Your sales team should never interact with leads in this category. You, as a marketer, should continue to provide these leads with the content they ask for and encourage them to share it with their networks, and you might be able to tap them for referrals, but don't spend too much effort on this bucket.

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The Marketing-to-Sales Handoff

In order to perfect the handoff from marketing to sales, you and your sales team need to develop a vocabulary for discussing these four categories of leads. You also need to define jurisdictions so marketing and sales aren't tripping over each other.

Developing a vocabulary

Working with your sales team, come up with a name for each of the four categories above. The culture of your organization will definitely play a role here. For example, leads that are a good fit and highly interested might be called, "Hot! Hot! Hot!" or simply "MQL." What you actually call each category doesn't matter, as long as everyone in marketing and sales understands exactly what they mean.

Defining jurisdictions

Once you have names for each of the categories, you need to make it clear which actions marketing and sales will be taking with the leads in those categories.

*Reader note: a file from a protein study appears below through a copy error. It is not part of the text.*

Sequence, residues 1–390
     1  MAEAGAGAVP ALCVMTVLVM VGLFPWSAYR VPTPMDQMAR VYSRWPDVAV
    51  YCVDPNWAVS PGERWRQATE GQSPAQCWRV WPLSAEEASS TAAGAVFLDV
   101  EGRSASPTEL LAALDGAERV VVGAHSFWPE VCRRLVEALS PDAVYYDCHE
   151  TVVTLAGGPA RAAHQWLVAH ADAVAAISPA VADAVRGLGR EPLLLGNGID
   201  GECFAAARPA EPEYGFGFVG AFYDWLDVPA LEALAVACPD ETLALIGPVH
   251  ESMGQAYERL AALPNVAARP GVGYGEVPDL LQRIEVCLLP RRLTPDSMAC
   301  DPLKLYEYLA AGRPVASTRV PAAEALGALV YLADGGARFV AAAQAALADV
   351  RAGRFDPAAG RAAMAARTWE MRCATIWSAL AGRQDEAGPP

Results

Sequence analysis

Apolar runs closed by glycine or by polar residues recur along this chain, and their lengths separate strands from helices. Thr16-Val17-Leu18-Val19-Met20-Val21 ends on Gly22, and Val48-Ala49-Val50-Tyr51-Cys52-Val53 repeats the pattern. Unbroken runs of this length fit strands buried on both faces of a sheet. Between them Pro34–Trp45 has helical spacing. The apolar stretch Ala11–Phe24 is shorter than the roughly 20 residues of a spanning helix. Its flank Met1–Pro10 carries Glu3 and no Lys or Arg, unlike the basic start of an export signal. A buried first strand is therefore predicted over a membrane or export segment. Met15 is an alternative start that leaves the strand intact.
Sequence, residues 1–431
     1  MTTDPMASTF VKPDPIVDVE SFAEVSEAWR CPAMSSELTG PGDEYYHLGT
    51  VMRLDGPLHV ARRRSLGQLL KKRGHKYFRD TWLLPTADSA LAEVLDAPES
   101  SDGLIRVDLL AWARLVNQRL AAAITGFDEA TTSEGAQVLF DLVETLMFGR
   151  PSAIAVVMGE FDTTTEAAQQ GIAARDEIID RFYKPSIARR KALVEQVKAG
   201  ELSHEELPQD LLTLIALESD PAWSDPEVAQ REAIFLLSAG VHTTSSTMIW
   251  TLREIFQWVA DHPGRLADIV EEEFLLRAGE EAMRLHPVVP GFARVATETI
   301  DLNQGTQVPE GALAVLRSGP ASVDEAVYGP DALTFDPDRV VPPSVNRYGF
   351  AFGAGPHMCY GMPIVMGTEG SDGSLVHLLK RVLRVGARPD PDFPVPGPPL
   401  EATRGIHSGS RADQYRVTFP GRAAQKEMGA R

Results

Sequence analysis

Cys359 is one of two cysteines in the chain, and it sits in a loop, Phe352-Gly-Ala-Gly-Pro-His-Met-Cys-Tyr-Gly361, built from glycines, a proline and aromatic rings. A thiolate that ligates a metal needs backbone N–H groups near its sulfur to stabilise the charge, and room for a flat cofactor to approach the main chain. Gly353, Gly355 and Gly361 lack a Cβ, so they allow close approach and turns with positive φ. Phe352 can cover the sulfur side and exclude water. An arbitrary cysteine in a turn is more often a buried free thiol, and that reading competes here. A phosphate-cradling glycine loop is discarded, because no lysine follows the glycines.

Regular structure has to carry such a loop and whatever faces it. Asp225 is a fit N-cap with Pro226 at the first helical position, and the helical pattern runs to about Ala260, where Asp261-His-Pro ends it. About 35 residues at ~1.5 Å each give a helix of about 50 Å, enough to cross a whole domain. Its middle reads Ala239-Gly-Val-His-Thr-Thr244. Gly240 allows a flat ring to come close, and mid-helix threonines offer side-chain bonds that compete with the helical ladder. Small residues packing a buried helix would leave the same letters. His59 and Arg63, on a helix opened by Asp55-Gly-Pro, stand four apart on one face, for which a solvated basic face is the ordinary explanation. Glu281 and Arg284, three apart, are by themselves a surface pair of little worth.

The division might look something like this:


Once you have your jurisdictions defined, you'll be in an excellent position to have a smooth handoff between marketing and sales.

Making the handoff

If you and your sales team are both using HubSpot, the best way to manage the handoff is by using the Lead Status property.

Lead Status is a contact property that comes standard in both HubSpot CRM and the HubSpot marketing platform. The best part about lead status is that it can be customized to fit your needs.

For more information on using Lead Status, check out this page from our knowledge base.

If you create each of your jurisdictions as a lead status, you can use it to mediate the actions between marketing and sales. For example, if you've called your good-fit, high-interest category "Hot! Hot! Hot!" then you can have your workflows update the status of these leads to "Hot! Hot! Hot!"

On the receiving end, each sales rep should have a custom view set up in their HubSpot CRM that shows them all of the contacts in their territory with a lead status of "Hot! Hot! Hot!" and they should get in the habit of checking that view at least daily.

Lead Status can also help with passing leads in the other direction. For example, if one of your reps contacts a "Hot! Hot! Hot!" lead and learns that their priorities have shifted, the rep can change the Lead Status to "Sleeping Giant," and this would cause the lead to:

  1. Be removed from the rep's "Hot! Hot! Hot!" view
  2. Be sucked into whichever lead nurturing campaigns you have running

How do you manage the handoff between marketing and sales in your business? Let me know in the comments section below.